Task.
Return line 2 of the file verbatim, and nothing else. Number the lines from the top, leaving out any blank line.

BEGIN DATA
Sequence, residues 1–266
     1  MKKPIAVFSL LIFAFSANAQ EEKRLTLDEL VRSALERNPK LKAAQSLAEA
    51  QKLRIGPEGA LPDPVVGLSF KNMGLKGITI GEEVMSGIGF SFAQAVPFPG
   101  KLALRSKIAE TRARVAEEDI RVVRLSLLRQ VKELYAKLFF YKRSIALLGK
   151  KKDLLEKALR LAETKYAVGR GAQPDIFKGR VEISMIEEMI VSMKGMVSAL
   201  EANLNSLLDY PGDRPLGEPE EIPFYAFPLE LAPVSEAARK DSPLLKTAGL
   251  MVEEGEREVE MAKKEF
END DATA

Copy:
     1  MKKPIAVFSL LIFAFSANAQ EEKRLTLDEL VRSALERNPK LKAAQSLAEA